Copper drifts as focus turns to U.S. jobs data

Copper prices drifted sideways on Wednesday ahead of U.S. jobs data


LONDON- Copper prices drifted sideways on Wednesday ahead of U.S. jobs data later in the week which is expected to give more direction on the timing of stimulus tapering.

Market watchers will look for signs that the U.S Federal Reserve will pull back its support for the world's largest economy, which was battered by COVID-19. Tapering has implications for liquidity in financial markets.

Benchmark copper CMCU3 on the London Metal Exchange had eased 0.1% to $9,527.50 per tonne by 1130 GMT, after trading marginally higher.

"Copper is trading in a narrow range with not much direction. The market is waiting for a clearer signal from non-farm payrolls on Friday," said ING analyst Wenyu Yao.

The dollar hovered near recent lows, making greenback-priced metals cheaper for holders of other currencies. 

Meanwhile, concerns about rising cases of the Delta variant of COVID-19 dampened the demand outlook especially in China which consumes half of global copper supplies.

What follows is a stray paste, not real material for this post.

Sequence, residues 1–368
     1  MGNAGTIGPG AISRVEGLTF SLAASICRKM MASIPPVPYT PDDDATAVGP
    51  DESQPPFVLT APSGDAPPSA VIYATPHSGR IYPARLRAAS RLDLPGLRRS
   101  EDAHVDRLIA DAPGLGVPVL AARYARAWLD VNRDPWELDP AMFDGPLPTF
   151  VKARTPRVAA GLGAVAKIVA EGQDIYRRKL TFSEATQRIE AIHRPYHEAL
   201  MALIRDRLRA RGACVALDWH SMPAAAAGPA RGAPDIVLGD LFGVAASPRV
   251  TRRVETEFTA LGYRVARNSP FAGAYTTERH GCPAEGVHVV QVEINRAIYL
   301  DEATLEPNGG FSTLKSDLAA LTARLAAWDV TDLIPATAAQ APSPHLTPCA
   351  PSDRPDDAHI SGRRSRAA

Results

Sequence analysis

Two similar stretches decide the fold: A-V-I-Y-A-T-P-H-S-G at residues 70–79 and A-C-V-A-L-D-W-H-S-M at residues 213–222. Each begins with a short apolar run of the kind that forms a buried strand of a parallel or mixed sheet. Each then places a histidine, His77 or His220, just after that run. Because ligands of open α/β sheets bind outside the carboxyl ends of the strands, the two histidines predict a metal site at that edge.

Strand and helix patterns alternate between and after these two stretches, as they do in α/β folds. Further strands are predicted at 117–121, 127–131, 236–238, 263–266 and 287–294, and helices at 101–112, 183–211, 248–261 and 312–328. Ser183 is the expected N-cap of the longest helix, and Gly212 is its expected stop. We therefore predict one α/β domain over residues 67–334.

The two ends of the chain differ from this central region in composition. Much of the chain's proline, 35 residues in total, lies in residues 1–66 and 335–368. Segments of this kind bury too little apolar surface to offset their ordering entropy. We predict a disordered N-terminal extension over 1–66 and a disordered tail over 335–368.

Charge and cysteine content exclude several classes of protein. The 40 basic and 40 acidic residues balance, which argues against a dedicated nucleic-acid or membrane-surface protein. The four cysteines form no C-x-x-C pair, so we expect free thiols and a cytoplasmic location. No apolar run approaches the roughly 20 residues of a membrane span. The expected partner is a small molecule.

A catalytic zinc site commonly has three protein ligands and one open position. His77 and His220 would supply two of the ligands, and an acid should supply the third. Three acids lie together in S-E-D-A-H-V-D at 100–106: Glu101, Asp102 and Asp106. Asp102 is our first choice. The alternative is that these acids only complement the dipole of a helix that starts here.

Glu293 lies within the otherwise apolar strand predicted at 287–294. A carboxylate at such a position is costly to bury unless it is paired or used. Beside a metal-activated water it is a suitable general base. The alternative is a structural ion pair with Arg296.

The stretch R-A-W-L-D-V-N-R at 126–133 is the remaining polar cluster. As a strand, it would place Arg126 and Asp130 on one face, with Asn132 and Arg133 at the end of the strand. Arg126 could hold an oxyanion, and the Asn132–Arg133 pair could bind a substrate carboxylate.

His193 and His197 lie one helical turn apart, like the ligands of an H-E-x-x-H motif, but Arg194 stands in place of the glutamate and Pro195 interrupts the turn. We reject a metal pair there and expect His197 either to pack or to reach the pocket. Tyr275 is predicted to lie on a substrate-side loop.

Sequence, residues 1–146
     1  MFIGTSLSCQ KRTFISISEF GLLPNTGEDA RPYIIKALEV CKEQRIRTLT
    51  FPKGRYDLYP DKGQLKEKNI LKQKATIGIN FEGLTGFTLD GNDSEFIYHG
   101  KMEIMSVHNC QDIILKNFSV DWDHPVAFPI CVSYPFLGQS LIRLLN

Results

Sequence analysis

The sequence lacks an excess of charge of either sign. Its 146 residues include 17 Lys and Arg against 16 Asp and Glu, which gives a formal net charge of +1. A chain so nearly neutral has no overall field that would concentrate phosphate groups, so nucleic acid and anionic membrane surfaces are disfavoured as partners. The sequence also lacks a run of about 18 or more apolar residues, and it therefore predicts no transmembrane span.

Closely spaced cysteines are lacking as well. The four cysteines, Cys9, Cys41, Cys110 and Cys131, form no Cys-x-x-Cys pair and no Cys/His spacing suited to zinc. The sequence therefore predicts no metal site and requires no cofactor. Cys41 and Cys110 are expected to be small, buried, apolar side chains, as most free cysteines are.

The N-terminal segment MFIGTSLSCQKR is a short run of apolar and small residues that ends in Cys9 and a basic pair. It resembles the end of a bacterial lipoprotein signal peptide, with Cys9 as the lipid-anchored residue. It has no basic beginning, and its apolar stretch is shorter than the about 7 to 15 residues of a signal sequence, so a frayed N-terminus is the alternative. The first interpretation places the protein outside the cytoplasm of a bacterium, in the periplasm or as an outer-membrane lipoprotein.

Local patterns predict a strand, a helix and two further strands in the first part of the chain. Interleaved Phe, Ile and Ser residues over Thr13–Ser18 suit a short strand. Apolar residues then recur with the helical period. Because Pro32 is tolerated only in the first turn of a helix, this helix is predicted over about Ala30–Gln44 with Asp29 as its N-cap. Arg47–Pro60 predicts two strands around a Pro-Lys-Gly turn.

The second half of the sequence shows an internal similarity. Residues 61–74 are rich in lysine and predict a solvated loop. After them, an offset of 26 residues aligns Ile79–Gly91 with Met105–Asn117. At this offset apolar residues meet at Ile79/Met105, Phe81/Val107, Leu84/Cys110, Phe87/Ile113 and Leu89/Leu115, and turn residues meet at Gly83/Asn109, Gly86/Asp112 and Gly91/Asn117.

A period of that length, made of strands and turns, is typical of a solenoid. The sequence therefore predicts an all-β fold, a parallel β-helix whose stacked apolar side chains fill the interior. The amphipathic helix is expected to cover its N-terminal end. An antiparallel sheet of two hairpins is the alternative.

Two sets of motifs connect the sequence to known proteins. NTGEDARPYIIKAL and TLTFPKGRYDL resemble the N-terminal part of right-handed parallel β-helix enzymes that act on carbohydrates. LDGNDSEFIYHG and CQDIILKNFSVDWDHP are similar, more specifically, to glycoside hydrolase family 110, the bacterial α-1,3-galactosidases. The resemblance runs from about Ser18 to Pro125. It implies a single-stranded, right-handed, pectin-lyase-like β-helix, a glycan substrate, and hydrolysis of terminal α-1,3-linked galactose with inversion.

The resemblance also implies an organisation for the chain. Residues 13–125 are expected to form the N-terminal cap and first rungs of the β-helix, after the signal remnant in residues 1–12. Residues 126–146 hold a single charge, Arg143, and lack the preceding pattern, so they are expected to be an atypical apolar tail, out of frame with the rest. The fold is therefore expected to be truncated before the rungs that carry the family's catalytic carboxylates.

SERVICES: Growth in China's services sector accelerated in July to the highest since May, a private survey showed on Wednesday, pointing to a steady recovery in the world's second largest economy. 

STIMULUS: China may need more monetary and fiscal easing to halt an economic slowdown in the wake of torrential rains and flooding, and authorities' tough response to outbreaks of the highly-transmissible coronavirus Delta variant, economists say. 

CHINA DEMAND: The Yangshan premium, a closely watched indicator of import demand in China, climbed to its highest since April at $53 a tonne. 

SUPPLY: Top copper miner Codelco's June output rose 14.9% year-on-year to 151,600 tonnes, while production at the world's biggest copper mine Escondida fell 21.6% in the same period. 

OTHER METALS: Aluminium shed 0.3% to $2,579 a tonne, zinc was steady at $2,972, lead rose 0.5% to $2,385, tin was barely changed at $34,650 and nickel was up 0.3% to $19,440.

(Reporting by Zandi Shabalala; Editing by Kirsten Donovan) ((

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